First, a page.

The comparison between Granada and, for example, Minnesota United’s promotion to MLS in 2017 may help illustrate the Panel’s point. Granada exploited a quirk in Spanish company law to do what, at least in practice, the Spanish federation did not allow: gain promotion without earning it on the field. In the Granada case, the Spanish federation would have needed an Article 9 because, although it operated a sporting merit system, it had no rule preventing teams from buying promotion. By contrast, in 2016, Minnesota United finished 5th in the 2nd tier North American Soccer League. But for reasons wholly detached from on-field performance, they leapfrogged the top four teams and moved to MLS. Taking the Panel’s reasoning, this differs from the Granada incident because the USSF never operated an open, sporting merit system. So unlike Granada, which circumvented at least the established practice in Spain, Minnesota United did not circumvent the USSF’s system to gain promotion.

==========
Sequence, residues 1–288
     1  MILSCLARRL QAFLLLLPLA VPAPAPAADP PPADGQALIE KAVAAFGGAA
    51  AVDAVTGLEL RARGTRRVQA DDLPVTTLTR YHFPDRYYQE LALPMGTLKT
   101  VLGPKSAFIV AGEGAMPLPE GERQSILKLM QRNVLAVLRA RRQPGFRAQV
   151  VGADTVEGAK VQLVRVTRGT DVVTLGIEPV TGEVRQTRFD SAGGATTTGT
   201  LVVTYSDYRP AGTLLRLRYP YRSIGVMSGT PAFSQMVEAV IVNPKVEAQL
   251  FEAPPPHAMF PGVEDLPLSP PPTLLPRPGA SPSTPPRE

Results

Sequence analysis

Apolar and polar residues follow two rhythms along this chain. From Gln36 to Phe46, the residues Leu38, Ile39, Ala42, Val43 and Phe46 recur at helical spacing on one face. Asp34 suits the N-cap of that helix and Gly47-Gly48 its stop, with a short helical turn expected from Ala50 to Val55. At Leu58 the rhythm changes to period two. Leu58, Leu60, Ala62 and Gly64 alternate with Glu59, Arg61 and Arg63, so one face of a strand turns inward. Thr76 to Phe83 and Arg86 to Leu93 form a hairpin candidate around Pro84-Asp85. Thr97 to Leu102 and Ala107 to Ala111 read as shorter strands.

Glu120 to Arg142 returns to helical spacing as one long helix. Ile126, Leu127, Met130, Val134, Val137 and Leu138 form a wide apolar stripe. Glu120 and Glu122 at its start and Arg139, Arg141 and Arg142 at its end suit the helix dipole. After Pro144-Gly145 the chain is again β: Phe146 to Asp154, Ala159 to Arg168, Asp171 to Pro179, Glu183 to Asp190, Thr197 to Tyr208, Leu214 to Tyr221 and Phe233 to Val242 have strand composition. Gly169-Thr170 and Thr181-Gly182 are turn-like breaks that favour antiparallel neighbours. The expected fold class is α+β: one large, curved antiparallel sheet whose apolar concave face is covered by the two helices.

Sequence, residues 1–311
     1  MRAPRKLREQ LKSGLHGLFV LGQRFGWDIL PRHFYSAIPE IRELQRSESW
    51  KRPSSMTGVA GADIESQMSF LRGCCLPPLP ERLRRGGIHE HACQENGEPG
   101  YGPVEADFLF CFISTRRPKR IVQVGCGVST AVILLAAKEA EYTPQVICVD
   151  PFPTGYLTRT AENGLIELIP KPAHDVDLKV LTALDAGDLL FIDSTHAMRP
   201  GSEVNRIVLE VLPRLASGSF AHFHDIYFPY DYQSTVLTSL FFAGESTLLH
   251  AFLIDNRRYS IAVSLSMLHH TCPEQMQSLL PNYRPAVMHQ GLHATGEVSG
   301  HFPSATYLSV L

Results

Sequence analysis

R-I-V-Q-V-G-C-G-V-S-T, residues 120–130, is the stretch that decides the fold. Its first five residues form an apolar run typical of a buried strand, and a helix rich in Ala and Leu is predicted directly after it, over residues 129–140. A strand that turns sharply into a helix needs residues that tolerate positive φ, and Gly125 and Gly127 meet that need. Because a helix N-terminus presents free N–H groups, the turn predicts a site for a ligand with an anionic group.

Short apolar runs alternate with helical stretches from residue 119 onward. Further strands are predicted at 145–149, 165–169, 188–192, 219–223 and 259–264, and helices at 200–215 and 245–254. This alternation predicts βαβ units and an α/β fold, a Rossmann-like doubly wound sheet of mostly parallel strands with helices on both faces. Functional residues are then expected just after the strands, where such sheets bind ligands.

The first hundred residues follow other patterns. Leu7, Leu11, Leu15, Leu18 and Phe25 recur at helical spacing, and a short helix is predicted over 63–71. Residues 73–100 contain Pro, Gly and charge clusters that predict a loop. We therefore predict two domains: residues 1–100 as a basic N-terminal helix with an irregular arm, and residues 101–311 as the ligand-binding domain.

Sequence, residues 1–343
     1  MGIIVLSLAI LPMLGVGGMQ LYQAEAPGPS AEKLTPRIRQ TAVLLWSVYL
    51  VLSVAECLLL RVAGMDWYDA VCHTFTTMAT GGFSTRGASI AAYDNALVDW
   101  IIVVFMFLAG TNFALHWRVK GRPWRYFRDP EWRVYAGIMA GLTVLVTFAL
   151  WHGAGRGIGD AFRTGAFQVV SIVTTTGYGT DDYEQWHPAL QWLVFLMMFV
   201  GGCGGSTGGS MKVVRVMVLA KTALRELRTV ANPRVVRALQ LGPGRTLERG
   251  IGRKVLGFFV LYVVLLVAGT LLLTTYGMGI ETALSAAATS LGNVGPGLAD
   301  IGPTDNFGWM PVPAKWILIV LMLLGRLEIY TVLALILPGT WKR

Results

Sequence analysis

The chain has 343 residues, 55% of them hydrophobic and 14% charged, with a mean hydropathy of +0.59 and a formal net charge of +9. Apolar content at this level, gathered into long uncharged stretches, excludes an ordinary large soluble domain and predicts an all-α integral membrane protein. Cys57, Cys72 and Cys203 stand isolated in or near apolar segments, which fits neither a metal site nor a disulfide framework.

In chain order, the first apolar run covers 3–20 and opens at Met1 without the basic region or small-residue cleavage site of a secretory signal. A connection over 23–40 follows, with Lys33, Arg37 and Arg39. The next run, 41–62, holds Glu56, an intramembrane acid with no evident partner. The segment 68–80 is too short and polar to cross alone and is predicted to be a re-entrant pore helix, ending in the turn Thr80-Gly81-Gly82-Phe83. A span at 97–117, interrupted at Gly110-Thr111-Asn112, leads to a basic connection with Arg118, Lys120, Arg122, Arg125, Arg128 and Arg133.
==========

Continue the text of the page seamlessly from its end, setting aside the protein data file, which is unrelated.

In addition, the Panel’s decision did include a trace of hand-washing — as in, they deferred to FIFA’s position because Article’s 9’s text and history were somewhat ambiguous. Here, the standard of review played an understated but powerful role. Essentially, the standard meant the Claimants needed more than a good argument on Article 9’s meaning. They needed an unassailable argument. And given the ambiguity, this was almost impossible.